author of 10 Publishing Myths, Insights Every Author Needs to Succeed

    1. That is so true, Terry. Most of my relationships with writers and editors came from attending writers conferences.

  3. Great advice and encouragement. Every significant relationship I have been blessed with and every significant step I have taken as a writer can be traced back to attending a writers conference or participating in a writing community. Always worth the investment.

  4. Your article is so encouraging, Crystal, Thank you for sharing!

    1. You are welcome. I am glad you found it helpful.

  5. Crystal, This is so true, I am new to this journey. Last year I attended Zoom seminars, certainly not the same as in person, but even this was so helpful. I look forward to attending in person again. My first experience was Renew hosted by Lucinda Secrest McDowell and Rachel Britton. Everything you said is true. It has already changed my life in such positive ways. Thanks for this encouragement!

  6. I love writers conferences. I have learned wonderful information about writing and have found meaningful relationships while networking.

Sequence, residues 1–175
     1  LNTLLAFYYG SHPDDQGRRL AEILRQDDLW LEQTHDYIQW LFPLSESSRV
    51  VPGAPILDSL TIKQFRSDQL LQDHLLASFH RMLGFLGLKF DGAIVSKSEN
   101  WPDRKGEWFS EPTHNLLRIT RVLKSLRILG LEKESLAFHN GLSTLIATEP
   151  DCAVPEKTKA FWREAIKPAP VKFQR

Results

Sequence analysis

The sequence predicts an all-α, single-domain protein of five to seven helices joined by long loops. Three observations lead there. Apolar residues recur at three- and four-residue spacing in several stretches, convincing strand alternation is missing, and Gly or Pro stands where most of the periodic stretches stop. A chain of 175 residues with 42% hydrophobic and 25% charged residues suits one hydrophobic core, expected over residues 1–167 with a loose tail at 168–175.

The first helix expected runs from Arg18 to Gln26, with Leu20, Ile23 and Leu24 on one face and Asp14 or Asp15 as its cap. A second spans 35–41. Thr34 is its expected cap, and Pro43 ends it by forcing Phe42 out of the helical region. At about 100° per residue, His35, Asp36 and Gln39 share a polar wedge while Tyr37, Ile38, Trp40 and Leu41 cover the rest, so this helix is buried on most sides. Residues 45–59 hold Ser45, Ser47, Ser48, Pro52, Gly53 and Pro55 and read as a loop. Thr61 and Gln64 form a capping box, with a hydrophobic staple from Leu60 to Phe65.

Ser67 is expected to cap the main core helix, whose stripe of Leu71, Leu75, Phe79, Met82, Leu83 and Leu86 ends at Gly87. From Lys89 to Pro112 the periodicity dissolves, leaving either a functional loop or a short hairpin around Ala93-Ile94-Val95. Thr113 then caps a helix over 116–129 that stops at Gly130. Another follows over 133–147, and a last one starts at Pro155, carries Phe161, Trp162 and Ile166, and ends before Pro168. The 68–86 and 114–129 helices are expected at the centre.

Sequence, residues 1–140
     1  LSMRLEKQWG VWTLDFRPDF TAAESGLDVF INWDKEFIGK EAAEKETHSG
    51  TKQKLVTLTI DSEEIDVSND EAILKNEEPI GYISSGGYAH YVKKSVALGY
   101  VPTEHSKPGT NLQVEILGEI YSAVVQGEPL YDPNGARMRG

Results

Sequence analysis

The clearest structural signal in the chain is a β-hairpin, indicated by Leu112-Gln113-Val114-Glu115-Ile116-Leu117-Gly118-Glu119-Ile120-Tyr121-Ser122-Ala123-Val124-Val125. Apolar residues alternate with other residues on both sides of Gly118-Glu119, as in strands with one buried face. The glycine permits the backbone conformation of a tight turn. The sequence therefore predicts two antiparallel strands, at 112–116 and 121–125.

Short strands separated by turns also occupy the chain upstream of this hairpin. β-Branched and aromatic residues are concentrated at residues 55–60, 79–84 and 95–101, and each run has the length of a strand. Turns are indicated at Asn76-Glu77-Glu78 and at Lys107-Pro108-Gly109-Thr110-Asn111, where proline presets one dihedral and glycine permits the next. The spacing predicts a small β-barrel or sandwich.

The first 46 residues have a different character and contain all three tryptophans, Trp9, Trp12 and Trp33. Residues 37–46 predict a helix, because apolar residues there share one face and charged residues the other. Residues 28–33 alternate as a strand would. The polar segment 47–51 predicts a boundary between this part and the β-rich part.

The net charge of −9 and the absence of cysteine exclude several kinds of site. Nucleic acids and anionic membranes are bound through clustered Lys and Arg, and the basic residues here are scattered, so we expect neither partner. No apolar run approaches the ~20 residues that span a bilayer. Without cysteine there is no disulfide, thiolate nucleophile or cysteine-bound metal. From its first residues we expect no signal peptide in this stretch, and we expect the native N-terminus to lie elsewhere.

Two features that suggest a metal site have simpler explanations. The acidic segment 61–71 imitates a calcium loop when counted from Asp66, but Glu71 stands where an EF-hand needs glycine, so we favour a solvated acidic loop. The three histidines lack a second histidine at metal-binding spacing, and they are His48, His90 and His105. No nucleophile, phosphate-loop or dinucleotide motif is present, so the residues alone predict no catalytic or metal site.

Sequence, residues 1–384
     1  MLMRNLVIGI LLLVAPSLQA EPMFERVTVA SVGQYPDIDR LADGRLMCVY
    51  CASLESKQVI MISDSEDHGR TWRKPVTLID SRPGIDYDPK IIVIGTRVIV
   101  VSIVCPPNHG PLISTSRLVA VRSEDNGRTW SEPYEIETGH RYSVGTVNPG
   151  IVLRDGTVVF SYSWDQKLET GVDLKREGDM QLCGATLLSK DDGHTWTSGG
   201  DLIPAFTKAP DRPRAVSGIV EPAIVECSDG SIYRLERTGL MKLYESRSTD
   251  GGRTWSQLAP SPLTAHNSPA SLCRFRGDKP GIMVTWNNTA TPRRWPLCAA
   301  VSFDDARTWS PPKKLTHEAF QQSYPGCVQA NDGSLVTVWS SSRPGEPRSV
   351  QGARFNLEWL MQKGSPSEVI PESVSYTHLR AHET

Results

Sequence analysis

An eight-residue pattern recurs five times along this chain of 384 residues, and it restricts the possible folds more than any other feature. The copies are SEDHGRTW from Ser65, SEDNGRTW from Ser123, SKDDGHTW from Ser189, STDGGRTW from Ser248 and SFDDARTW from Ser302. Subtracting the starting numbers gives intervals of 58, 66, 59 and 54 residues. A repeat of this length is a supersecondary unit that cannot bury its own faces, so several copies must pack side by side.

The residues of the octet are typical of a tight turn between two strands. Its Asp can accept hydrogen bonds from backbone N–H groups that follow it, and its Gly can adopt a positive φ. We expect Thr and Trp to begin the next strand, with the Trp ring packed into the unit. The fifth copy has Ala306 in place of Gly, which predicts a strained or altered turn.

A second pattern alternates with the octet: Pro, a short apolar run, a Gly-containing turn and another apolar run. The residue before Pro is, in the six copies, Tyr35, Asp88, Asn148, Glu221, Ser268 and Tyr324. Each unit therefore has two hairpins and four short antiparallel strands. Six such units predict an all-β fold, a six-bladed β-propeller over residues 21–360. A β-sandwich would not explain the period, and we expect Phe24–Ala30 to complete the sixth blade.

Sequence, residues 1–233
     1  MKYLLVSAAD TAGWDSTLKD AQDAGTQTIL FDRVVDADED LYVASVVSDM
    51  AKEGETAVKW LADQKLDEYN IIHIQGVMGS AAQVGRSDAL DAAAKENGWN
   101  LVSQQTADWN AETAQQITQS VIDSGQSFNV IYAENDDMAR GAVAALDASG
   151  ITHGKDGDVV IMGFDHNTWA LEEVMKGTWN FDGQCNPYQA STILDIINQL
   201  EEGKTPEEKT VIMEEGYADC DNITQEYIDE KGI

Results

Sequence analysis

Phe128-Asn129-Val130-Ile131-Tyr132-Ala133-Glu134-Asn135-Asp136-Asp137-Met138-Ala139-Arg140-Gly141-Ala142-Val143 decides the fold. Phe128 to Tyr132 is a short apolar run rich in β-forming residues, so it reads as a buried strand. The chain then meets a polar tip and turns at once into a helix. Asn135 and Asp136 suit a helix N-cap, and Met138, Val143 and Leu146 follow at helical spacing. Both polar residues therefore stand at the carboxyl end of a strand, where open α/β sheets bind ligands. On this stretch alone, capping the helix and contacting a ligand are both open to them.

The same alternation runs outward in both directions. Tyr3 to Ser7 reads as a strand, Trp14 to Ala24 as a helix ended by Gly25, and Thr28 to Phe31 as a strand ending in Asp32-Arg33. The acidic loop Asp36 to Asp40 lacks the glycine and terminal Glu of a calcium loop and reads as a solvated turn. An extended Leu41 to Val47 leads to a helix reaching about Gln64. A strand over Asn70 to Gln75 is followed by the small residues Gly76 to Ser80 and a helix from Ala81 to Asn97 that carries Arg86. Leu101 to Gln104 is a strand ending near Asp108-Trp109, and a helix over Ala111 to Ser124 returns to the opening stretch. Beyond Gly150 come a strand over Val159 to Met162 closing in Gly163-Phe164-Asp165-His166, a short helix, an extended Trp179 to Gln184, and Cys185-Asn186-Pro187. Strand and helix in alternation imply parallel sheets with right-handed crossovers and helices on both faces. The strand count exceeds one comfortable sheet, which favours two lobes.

7. Yes, Crystal! You are right! I can say the same thing--going to conferences has changed me as a person and a writer. You are always an inspiration to me. Thank you for your friendship, mentorship, and co-writing fun! Maybe one day, we'll attend a conference together! Love you.

  8. I couldn't agree more. A couple years ago I actually met you, Crystal, when I attended your session on Rhythm and Rhyme at my very first writer's conference and am so grateful for the knowledge you gave me that day. I'm attending a conference right now via Zoom and probably should be paying attention, but noticed Glenys posted a link to this article on our conference's Facebook group page, so I wanted to read it :) Thank you!